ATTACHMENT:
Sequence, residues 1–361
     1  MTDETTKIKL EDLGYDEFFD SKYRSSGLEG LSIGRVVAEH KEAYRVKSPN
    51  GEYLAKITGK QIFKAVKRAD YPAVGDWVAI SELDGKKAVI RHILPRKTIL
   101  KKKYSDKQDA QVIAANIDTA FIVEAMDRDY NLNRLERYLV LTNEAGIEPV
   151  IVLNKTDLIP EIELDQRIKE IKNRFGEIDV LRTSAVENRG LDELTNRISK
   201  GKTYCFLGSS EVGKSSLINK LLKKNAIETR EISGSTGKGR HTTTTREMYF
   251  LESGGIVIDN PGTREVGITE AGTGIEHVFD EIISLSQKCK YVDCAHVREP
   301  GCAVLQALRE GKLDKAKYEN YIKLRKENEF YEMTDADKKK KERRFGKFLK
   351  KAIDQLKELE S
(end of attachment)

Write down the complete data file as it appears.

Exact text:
Sequence, residues 1–361
     1  MTDETTKIKL EDLGYDEFFD SKYRSSGLEG LSIGRVVAEH KEAYRVKSPN
    51  GEYLAKITGK QIFKAVKRAD YPAVGDWVAI SELDGKKAVI RHILPRKTIL
   101  KKKYSDKQDA QVIAANIDTA FIVEAMDRDY NLNRLERYLV LTNEAGIEPV
   151  IVLNKTDLIP EIELDQRIKE IKNRFGEIDV LRTSAVENRG LDELTNRISK
   201  GKTYCFLGSS EVGKSSLINK LLKKNAIETR EISGSTGKGR HTTTTREMYF
   251  LESGGIVIDN PGTREVGITE AGTGIEHVFD EIISLSQKCK YVDCAHVREP
   301  GCAVLQALRE GKLDKAKYEN YIKLRKENEF YEMTDADKKK KERRFGKFLK
   351  KAIDQLKELE S